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Senator Douglas. Is that all? Do you have any other comments?

Mr. HOLLAND. Well, I wanted to call attention to the fact that Mr. Robbins referred to earlier legislation which imposed the requirement of making butadiene from alcohol and to the testimony that Senator Capehart brought out in the last hearing, at which time it was brought out very definitely, Mr. Brown, that the limitation on that made Publicker practically the only potential buyer of that plant because, under their own statement, they were the biggest producer that controls the alcohol situation. And I do not think there has been any change from that today.

Senator Douglas. Does that complete your statement?
Mr. ROBBINS. Yes, sir.

Senator DOUGLAS. Now, Mr. Brown or Mr. Wilner, do you have uny surrebuttal that you would like to make ?

Mr. WILNER. No surrebuttal, sir.

Mr. Brown. I would like to make only one point, Senator. It is perfectly true that we are the only company in the country with surplus alcohol capacity, and Mr. Holland is probably right in saying that we are almost a favored buyer because we have excess alcohol capacity. But I think it only fair to point out that in the synthetic-rubber industry as a whole that has been true right down the line. There was only one bidder for Kobuta. Nobody else could have possibly bought it. "There was only one bidder for the Baytown butyl plant—that was Humble. There is only one bidder for the Baton Rouge butyl plant. There was only one bidder and only one person could have bought the Borger butadiene plant—that was Phillips. And, in fact, nobody could buy Nechez except somebody who could come to some sort of satisfactory arrangements with Gulf and Texas for the necessary feedstocks.

I mean it has been characteristic of this industry as a whole.

Mr. HOLLAND. All of which was a handicap in negotiations, and so testified when you mentioned that question to us, and you so testified.

Mr. BROWN. Yes.

Senator Douglas. He is saying that this is not a disqualification in the case of these other sales, why should it be made a disqualification in this case.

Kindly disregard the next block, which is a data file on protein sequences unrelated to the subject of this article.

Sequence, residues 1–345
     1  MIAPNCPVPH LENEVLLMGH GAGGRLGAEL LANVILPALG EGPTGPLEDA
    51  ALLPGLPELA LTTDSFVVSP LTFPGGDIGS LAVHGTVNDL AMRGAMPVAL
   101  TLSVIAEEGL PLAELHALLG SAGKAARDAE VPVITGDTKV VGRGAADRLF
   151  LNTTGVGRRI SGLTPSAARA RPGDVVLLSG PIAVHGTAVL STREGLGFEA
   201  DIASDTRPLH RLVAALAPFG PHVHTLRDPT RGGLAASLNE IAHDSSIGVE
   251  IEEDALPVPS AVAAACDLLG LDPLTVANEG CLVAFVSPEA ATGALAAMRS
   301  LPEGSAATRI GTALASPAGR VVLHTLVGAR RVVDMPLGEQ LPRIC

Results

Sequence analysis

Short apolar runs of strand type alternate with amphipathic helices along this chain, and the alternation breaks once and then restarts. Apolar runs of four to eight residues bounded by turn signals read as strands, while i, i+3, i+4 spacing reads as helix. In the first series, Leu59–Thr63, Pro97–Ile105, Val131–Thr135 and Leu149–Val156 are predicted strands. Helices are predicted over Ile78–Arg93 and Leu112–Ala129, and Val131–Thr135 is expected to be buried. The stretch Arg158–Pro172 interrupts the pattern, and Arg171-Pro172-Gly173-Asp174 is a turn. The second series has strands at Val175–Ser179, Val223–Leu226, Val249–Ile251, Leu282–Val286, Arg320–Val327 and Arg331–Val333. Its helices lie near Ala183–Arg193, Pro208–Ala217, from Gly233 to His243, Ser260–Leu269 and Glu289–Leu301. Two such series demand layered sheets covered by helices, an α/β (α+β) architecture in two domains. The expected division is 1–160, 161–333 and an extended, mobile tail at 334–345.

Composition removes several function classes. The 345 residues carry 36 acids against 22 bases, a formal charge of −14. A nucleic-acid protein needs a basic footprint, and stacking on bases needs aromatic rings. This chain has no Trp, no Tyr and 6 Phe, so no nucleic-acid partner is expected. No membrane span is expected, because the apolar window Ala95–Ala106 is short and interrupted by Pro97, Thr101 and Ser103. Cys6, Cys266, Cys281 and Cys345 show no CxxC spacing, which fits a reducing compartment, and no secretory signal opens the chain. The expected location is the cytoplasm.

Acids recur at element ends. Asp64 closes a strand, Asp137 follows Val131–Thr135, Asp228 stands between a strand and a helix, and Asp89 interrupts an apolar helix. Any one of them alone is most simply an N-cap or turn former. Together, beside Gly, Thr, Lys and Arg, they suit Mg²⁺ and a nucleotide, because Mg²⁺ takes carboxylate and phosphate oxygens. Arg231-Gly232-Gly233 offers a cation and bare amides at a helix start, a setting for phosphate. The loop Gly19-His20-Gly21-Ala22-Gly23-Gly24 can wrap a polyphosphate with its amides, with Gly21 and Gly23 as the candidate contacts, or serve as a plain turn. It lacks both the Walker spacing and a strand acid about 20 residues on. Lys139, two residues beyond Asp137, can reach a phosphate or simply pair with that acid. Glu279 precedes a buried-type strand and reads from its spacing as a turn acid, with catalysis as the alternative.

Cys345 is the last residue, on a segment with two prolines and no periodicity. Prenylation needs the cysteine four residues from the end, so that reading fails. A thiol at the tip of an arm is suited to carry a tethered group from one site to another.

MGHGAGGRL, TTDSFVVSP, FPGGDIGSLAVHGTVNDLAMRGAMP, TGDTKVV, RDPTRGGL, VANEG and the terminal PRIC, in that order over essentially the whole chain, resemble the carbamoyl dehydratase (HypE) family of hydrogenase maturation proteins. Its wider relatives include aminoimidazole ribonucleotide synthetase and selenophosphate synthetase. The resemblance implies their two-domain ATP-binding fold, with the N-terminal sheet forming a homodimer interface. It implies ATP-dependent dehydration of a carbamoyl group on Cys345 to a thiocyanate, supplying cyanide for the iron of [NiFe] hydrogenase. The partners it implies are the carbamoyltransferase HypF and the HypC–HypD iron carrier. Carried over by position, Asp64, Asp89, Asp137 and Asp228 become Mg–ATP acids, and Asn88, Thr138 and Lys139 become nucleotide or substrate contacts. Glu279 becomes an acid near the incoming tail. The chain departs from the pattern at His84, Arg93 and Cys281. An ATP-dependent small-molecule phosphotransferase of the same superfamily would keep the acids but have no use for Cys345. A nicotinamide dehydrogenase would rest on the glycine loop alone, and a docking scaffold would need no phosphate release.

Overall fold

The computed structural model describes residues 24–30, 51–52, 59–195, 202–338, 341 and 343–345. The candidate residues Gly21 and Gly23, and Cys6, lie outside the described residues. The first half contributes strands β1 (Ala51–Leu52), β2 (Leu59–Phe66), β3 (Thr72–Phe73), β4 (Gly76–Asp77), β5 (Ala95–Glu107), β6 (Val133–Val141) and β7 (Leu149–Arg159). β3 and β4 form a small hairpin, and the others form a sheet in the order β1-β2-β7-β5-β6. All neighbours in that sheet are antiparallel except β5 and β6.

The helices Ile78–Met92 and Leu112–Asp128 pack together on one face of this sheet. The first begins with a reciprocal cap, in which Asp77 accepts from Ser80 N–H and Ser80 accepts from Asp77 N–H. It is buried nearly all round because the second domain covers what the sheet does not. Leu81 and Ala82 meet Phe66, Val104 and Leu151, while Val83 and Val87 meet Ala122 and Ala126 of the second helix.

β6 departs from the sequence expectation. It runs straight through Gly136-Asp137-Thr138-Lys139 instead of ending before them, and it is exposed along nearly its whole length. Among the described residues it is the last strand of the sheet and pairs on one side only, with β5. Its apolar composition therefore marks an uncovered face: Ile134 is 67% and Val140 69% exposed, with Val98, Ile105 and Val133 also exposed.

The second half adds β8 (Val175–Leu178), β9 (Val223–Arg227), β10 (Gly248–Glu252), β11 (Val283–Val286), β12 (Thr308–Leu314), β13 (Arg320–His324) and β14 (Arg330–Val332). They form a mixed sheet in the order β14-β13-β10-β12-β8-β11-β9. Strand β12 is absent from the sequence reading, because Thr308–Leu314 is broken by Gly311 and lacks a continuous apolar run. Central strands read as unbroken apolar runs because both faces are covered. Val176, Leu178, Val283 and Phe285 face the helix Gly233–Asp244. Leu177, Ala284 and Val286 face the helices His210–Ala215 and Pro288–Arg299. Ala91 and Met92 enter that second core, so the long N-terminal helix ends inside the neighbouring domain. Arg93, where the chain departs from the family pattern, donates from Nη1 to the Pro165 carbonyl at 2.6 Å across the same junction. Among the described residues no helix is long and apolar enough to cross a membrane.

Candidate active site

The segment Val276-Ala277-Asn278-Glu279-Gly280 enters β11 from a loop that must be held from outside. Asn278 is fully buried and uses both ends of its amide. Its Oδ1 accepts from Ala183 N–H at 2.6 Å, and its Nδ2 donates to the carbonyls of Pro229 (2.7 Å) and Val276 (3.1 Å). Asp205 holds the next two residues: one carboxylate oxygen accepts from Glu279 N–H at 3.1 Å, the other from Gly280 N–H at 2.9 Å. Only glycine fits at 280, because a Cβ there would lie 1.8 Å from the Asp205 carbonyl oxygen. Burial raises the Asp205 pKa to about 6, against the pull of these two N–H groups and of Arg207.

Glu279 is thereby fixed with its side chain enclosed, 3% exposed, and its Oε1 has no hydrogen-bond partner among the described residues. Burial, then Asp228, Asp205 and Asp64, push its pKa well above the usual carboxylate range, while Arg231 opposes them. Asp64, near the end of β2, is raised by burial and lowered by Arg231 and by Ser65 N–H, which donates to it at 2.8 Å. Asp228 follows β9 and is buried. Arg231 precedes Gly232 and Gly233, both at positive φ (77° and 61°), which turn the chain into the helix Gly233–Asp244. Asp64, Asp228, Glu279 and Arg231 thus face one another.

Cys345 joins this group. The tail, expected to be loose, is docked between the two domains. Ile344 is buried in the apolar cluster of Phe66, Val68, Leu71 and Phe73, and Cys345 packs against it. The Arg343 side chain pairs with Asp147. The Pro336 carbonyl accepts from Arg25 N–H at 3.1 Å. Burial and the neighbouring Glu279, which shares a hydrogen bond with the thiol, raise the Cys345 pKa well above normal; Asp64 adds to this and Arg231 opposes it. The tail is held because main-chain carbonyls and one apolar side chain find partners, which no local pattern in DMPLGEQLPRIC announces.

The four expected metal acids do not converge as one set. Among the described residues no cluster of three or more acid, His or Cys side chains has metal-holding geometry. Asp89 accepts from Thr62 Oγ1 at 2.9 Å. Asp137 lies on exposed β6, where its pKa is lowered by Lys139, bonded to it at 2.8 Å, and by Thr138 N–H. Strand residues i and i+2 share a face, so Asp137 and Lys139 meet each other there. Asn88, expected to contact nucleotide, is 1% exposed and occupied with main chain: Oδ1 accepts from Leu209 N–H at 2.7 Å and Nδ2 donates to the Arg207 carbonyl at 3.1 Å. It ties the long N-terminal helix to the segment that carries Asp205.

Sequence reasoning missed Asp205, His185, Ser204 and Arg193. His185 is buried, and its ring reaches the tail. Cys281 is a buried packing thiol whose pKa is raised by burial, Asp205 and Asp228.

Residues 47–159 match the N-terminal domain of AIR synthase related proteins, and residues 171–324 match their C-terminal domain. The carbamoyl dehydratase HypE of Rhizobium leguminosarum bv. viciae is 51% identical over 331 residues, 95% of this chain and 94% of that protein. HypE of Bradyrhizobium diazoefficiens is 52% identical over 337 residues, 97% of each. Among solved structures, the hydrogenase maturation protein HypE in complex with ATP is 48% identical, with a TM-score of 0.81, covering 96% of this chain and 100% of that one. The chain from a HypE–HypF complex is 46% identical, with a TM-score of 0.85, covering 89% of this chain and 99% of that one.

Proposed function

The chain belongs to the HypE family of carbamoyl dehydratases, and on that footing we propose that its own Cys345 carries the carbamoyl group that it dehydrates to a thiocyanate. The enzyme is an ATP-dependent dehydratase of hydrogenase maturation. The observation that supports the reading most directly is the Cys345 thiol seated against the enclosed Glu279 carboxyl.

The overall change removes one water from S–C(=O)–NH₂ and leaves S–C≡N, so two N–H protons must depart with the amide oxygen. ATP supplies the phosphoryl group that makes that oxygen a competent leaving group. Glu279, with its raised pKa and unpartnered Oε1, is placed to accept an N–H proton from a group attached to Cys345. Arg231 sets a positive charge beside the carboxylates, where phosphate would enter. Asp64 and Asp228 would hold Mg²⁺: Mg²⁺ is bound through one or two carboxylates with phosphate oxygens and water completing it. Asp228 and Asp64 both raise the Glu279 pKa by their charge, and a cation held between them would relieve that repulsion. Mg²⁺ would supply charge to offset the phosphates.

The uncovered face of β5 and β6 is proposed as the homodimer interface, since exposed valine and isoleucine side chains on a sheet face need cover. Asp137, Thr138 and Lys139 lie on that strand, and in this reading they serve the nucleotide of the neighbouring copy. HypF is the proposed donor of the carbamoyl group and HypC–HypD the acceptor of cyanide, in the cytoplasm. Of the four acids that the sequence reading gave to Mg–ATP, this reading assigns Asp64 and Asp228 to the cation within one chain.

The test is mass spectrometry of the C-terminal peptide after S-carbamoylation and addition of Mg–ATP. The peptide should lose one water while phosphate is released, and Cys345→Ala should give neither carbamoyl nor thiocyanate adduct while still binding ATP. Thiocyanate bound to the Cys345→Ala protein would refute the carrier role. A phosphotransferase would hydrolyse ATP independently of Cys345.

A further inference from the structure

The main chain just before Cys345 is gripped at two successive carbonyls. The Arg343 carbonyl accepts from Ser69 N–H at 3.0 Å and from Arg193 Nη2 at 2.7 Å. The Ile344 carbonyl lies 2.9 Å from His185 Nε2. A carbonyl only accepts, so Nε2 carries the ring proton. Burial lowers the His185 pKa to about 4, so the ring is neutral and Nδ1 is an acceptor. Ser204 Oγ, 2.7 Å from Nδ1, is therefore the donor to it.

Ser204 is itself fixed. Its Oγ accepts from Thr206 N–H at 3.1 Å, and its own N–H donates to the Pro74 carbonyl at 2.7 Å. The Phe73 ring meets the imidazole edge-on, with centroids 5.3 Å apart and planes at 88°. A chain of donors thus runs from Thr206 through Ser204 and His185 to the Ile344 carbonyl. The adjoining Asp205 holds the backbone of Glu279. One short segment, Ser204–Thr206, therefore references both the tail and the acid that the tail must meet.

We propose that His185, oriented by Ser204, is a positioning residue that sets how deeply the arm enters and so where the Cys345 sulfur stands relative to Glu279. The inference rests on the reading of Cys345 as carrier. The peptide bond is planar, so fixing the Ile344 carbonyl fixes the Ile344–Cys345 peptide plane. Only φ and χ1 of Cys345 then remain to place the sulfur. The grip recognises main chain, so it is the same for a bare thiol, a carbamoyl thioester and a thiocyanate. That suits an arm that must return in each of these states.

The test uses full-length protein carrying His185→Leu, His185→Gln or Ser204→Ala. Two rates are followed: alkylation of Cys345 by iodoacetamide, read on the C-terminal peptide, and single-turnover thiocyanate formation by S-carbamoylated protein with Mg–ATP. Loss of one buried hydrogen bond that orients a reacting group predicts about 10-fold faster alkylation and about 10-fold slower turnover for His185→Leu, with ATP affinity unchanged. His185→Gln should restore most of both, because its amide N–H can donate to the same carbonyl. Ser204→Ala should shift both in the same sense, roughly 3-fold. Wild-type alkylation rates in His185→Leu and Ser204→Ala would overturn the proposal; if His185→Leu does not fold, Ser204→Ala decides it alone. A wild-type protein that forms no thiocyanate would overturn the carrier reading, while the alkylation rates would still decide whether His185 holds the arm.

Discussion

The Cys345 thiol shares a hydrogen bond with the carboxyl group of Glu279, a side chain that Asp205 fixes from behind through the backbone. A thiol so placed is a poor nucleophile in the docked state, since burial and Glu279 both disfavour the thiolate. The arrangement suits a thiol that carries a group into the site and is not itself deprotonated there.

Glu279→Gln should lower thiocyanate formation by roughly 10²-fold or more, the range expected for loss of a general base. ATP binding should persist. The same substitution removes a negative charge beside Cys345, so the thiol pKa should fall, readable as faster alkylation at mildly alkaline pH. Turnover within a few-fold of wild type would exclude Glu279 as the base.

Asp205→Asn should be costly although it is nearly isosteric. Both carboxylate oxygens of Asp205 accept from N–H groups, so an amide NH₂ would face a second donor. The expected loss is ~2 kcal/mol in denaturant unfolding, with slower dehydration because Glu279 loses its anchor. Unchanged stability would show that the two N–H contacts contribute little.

Mr. BROWN. Yes.

Senator DougLAS. Mr. Brown and Mr. Wilner, there is just one final point I would like to ask about. Is Publicker in any less generous mood, considering differences in cost and amount, in making any price offer than it was last year?

Mr. Brown. We are in a no less generous mood, but we do have to consider the differences that a year has made.

Senator DOUGLAS. Suppose you were the only bidder, would you turn the screws on the Government, or would you be generous ?

Mr. Brown. Well, I think, sir, that if Mr. Holland is in it, as I hope he would be if it is to be going around again, I am sure Mr. Holland is quite qualified to protect the Government's interest.

Senator Douglas. I have here a clipping from the Wall Street Journal, with whose editorial opinions I am seldom in accord, but which tends to have rather accurate news items. I would like to put it in the record :

PUBLICKER SAYS IT HAD PROFIT LAST YEAR, FIRST EARNINGS SINCE 1953 Publicker Industries, Inc., got into the profit column in 1956–the first time since 1953—according to a preliminary report by the industrial alcohol, chemicals, and alcoholic beverage manufacturing concern.

The company said it had net profit for the year ended December 31, 1956, of $293,176. After allowing for preferred dividends, this equaled less than 1 cent à share on the 3,355,861 common shares outstanding at year-end.

It does not show you are getting rich—that is my comment. But then the story continues: In 1955, Publicker posted a net loss of $1,809,006.

I would say that while your profit and loss statement does not exactly flourish, it is not as bad as it was last year when you made an offer of $3,125,000. Therefore, if you were generous last year in this, you should not be less generous this coming year.

Mr. WILNER. Provided, sir, we are given the proper opportunity. Senator DOUGLAS. I understand. That is what I am trying to

get at.

Mr. HOLLAND. Mr. Chairman, there was one item mentioned here about the next-door neighbor handling butadiene from this plant. In considering our recommendation before, we checked with that company, and they said they had no interest at all in the butadiene plant next door and had no apprehension about their ability to buy butadiene if that plant did not operate.

Mr. BROWN. I am afraid, Mr. Holland, that Mr. Robbins misunderstood me.

Mr. HOLLAND. I just wanted to be sure.

Mr. Brown. No; I never made any argument that the American Synthetic Co. needs us. Senator DOUGLAS. Well, thank you very much, gentlemen. Now we have two other witnesses who come great distances.

First, Mr. Marion T. Weatherford, of the National Association of Wheat Growers, Arlington, Oreg. Senator Morse was very anxious that Mr. Weatherford be given a chance to testify, and we are very glad to have you, Mr. Weatherford. STATEMENT BY MARION T. WEATHERFORD, NATIONAL ASSOCIA

TION OF WHEAT GROWERS, ARLINGTON, OREG. Mr. WEATHERFORD. Thank you very much, Mr. Chairman.